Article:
I really like Shane Black movies. It's probably a product of my upbringing in this culture that his storylines have always appealed to me. I like his gallery of sad-sack loner characters desperate to make a positive impression on the women in their lives who have been terribly disappointed by them. It's almost perverse to think that the MacGuffin of his Kiss Kiss Bang Bang is literally the avenging of a little girl's molestation that led to her eventual exploitation and suicide. Black has consistently demonstrated empathy towards the toll that sexual assault takes on its victims (even the opening of Lethal Weapon concerns a little girl lost, throwing herself off a balcony), and none of it managed to counteract this culturally-imprinted instinct to promulgate the myth of masculine redemption. When Louis CK decided he'd spent long enough in time-out for jerking off in front of women, he told a rape whistle joke in his "comeback" set. Louis CK, like Shane Black, has demonstrated at times an extreme empathy for women victimized by predatory men. And yet. And yet. Anyway, I approached The Predator with a great deal of anticipation and enthusiasm. Aside from being one of the worst-edited action films I've ever seen, there are funny bits and interesting ideas, and a central performance from Munn that is more sure and easy than that of any of her male counterparts. She's amazing--and the irony of her emerging as the star of a film about men fighting aliens can't be lost in this moment.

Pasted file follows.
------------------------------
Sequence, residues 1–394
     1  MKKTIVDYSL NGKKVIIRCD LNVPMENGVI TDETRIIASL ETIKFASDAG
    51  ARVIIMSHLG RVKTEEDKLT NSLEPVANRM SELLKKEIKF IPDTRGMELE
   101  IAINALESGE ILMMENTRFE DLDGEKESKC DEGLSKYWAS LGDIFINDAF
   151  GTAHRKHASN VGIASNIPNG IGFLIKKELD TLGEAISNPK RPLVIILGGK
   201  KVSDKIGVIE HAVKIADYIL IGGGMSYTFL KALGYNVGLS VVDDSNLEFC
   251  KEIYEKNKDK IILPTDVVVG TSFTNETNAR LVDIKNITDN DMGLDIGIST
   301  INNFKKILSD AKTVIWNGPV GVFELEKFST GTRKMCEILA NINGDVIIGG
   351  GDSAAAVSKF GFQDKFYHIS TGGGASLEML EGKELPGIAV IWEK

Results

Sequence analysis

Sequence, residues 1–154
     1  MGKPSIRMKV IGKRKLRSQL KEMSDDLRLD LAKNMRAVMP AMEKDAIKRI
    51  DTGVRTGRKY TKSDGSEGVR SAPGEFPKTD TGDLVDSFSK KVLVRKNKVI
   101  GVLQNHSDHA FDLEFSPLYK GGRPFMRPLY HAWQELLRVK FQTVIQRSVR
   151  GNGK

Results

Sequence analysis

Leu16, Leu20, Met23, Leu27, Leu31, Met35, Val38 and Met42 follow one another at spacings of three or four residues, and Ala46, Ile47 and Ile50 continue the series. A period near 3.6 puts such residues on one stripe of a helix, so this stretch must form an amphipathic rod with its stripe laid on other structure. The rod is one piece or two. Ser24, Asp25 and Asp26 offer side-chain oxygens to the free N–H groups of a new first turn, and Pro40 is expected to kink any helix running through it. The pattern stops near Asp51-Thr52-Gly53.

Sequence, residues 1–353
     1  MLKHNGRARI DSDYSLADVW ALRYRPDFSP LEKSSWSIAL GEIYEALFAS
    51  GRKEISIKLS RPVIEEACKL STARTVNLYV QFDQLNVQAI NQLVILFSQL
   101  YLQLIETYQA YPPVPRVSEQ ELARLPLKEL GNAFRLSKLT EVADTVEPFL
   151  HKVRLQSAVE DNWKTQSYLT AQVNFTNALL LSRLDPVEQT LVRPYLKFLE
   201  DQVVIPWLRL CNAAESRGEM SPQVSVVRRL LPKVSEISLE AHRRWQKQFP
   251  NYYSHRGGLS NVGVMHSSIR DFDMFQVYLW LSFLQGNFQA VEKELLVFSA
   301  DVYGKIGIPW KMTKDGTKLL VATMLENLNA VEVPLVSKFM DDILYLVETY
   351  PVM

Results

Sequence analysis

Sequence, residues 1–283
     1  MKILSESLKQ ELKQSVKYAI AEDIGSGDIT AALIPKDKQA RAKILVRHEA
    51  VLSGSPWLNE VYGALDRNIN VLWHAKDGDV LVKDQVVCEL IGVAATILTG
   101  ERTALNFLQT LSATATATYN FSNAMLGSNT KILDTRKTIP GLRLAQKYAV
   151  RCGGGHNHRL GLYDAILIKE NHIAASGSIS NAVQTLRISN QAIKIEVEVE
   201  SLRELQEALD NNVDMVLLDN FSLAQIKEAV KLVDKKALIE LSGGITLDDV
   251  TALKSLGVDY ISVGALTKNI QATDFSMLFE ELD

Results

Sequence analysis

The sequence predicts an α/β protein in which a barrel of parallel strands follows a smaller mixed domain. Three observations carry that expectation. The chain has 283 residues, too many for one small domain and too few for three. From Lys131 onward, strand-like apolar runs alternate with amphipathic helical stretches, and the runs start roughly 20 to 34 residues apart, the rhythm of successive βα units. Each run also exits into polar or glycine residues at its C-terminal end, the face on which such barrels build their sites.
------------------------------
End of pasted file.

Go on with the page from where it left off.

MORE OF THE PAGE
Munn's Dr. Casey Bracket is brought into a "predator project" environment in which she's the civilian expert called upon to aid in the discovery of some alien artifact. It's essentially the framework for Arrival, ported onto what becomes by the last thirty minutes a somewhat standard big-budget effects vehicle. Before that, though, there's little Rory (Tremblay), son of sniper Quinn (Boyd Holbrook), teased at school for his autism but demonstrating a savant-like ability to decipher the Predator's alien technology. This is a damaging and insulting view of disability, a shorthand that Black, an accomplished screenwriter who recently confided to Twitter that he has Tourette's Syndrome, didn't need to stoop to, but he did and Tremblay does as well as they can with it. Quinn, on a mission, comes across the wreckage of a Predator vehicle and loots a few pieces he ships back to Rory and his estranged wife (Yvonne Strahovski) for safekeeping. Of course Rory opens it and of course he turns something on that alerts the other Predators. This leads to urban mayhem, a prison-bus break that includes the happy-go-lucky jailed soldiers who will be our A-Team (and composer Henry Jackman gives a nod to "The A-Team"'s theme at their introduction to action), the revelation that the real enemies are our own military/industrial complex, and then a lot of explosions and stuff and dead people. Plus a final stinger that sets up a sequel we may get but likely without this team. It's a shame, really, if only for Munn, who well and truly deserves a franchise all her own.